Even though it took four months, a colonoscopy, and several doctors before I got better, I'm glad I never gave up on breastfeeding. I am so thankful I found the doctor who treated me with probiotic bacteria and special probiotic yeast that kills C. dif. It was very important to me because I knew it was best for Scootch. He went from the bottom of the growth chart as a preemie to about the 75th percent in weight during that time. At the same time, it was important to me because it was something I could do. Here I was, the mother to these two wonderful little boys, and I couldn't even care for them. I can remember my toddler asking me to push him in his swing during this time. It was out on our deck, no more than a few yards from the living room couch. It broke my heart that I was too tired to walk out there and push him in the swing. I could nurse lying down, and even in my sleep. Even if I could do nothing else as a mom, I could nurse my baby. Scootch went on to nurse for 14 months, and is now a happy, healthy nine year old.

Saturday, November 27, 2010

Breastfeeding Rebels in the 1950s

Challenged by the Motherwear Breastfeeding blog, I'm posting about the history of breastfeeding in my family. Even though I was too late to actually participate officially, I was inspired to write!

My mother gave birth to her first child in 1955 at the age of 21. She had recently moved to California and was far away from any friends or relatives. She was not one to follow the mainstream. She was an art major in college, she was “natural and crunchy”, and I like to think she was a bit of a hippie before hippies existed. As a result, she did not want to follow the advice of all of the medical professionals who were telling her that bottle-feeding was best.

She gave birth while completely sedated and has no memory of the birth. When she finally got to see her baby she put her baby to her breast. The nurses would come in and tell her “I don’t know why you are doing that. We have perfectly good formula.” She was in the hospital for about a week (as was common at the time) and spent most of the time crying alone in her bed, trying to breastfeed while her nipples cracked and bled. She did not get any help, only pressure to stop being so stupid.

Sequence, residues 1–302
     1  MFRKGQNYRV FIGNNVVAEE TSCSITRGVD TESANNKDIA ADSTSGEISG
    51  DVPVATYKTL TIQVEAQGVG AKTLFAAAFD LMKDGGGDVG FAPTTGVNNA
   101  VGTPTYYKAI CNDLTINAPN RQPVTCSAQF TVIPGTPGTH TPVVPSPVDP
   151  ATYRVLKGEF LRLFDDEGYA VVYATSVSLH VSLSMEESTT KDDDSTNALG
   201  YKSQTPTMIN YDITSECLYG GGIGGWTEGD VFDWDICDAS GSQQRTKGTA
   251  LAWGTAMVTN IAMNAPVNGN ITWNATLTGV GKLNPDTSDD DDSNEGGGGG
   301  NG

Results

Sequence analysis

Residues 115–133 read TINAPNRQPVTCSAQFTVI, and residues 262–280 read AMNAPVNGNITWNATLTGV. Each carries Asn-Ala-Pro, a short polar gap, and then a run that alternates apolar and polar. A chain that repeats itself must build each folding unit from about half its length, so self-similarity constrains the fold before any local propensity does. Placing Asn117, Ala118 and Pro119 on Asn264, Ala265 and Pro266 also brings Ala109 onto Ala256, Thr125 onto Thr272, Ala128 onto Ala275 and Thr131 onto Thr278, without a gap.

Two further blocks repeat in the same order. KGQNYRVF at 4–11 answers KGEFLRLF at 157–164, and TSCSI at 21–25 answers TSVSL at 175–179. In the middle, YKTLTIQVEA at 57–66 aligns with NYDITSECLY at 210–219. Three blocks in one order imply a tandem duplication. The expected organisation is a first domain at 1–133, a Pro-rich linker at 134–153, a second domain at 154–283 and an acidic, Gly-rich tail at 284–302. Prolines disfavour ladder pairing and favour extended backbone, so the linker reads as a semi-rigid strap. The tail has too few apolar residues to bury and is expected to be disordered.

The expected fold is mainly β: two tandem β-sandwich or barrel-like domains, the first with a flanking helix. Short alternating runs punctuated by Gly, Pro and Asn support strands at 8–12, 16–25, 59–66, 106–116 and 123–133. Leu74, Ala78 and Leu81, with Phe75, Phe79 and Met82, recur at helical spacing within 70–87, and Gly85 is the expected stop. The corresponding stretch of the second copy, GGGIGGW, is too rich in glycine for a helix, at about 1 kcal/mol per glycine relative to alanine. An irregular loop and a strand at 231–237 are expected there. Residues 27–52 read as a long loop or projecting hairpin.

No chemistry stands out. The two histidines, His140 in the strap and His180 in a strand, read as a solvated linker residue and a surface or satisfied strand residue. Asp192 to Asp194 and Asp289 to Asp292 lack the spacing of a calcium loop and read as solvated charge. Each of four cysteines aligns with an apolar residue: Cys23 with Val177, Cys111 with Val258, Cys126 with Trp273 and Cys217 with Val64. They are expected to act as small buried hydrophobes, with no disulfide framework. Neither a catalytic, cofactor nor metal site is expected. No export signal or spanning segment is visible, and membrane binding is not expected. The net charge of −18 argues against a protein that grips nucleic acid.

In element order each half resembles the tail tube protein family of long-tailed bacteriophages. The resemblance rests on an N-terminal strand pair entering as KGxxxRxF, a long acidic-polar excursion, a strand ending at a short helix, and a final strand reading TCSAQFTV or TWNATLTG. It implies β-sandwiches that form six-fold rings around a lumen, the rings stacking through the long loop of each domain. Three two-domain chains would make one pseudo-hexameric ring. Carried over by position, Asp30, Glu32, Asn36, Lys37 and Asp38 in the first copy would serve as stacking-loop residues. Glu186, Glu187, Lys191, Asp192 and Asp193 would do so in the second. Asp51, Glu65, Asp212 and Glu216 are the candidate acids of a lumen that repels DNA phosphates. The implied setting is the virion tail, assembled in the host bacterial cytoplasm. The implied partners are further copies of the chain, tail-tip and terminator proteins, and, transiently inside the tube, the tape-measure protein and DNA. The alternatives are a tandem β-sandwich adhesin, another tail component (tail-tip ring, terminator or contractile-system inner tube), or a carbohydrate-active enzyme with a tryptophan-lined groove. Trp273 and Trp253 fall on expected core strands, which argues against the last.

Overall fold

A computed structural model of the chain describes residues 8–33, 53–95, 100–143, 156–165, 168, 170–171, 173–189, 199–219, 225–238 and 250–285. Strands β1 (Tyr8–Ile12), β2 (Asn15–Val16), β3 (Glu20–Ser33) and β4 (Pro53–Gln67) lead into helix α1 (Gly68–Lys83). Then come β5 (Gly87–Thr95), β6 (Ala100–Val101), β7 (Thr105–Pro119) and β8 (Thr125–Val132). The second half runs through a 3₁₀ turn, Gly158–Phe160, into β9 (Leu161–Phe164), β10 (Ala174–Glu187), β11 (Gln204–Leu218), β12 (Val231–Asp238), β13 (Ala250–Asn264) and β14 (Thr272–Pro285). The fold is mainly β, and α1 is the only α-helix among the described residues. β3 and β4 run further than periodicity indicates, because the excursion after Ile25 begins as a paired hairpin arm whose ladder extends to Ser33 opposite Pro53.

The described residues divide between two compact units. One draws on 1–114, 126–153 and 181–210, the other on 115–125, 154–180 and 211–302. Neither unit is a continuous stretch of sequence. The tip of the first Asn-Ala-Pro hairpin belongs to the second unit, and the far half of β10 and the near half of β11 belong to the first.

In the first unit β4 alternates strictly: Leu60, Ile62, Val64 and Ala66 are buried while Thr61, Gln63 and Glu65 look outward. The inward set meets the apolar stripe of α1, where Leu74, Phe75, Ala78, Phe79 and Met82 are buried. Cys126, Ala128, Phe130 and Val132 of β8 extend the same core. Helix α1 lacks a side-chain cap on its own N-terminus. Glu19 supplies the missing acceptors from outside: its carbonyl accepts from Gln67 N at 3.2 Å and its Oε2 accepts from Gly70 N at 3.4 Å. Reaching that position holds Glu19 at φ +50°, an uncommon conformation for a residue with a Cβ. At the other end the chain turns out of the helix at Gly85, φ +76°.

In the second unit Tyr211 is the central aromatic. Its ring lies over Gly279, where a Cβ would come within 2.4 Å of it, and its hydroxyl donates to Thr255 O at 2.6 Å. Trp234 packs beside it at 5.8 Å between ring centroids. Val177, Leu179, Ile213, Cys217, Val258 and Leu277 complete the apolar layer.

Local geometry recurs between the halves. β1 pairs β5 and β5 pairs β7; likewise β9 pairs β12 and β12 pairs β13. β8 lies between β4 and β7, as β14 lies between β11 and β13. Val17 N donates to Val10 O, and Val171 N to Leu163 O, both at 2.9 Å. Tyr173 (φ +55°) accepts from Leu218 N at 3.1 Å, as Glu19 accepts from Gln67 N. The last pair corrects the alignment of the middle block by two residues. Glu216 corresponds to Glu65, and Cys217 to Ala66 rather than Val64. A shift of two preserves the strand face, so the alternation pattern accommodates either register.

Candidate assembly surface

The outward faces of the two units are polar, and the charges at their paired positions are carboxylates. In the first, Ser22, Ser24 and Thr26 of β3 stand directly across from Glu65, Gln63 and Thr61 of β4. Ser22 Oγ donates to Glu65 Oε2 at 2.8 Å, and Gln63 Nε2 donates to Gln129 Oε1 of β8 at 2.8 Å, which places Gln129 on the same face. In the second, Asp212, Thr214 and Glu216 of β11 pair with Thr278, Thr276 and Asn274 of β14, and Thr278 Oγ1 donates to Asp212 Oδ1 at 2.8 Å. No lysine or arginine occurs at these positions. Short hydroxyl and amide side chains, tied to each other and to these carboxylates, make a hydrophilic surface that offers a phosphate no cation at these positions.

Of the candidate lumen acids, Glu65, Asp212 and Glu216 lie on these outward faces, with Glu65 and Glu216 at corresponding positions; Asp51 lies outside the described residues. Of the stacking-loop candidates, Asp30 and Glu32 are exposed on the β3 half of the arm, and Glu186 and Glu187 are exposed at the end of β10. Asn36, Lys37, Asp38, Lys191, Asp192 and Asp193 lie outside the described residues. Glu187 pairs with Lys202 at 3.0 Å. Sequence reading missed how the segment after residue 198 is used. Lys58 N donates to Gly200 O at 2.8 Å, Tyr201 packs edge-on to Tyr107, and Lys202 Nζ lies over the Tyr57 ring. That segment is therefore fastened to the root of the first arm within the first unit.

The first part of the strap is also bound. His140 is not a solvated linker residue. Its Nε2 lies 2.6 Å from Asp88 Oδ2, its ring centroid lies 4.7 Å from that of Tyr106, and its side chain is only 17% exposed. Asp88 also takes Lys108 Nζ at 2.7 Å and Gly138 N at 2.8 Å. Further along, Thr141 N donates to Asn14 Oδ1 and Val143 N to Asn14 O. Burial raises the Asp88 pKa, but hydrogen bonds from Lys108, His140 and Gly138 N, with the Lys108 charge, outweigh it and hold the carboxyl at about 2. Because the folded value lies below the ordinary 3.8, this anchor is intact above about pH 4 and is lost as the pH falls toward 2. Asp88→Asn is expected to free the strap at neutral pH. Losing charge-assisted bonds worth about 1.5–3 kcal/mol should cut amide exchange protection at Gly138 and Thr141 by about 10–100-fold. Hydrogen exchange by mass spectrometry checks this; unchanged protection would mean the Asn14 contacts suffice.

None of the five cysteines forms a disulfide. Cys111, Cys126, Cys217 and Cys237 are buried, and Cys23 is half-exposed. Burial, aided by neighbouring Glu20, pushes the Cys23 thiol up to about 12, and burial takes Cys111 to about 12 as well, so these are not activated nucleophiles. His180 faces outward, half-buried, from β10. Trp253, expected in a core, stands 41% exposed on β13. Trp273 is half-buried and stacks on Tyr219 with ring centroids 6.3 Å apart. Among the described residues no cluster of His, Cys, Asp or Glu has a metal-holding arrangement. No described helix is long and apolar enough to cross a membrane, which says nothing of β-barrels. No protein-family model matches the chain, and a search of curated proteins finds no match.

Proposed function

I have to imagine that the nurses gave my brother bottles of formula when he was not with my mother. Everything thing was done to make this breastfeeding relationship fail. She did manage to nurse him for a few months, which was so much more then most babies got in 1955.

Nine years later my parents adopted my older sister. She brought home this beautiful newborn and ached to nurse her. She put her to the breast a couple of times, but, having no idea that it was possible to induce lactation she didn’t tell anyone and quickly stopped. She watched me with great joy as I successfully breastfed my adopted daughter.

My Mom and I with my breastfed adopted daughter:

When I was born in 1967, she breastfed me for a few months. She told me that I was such a big baby (9 lbs. 7 ounces at birth) that she had a hard time producing enough milk for me and needed to supplement with formula, and eventually the formula won. She also breastfed my brother, born in 1968, for a few months.

As she watched me breastfeed my first baby (also over 9 pounds at birth) she told me that she learned a lot from watching me breastfeed. She now realizes that she probably was able to produce enough milk for me, that she just didn’t have the right information.

My family in 1969: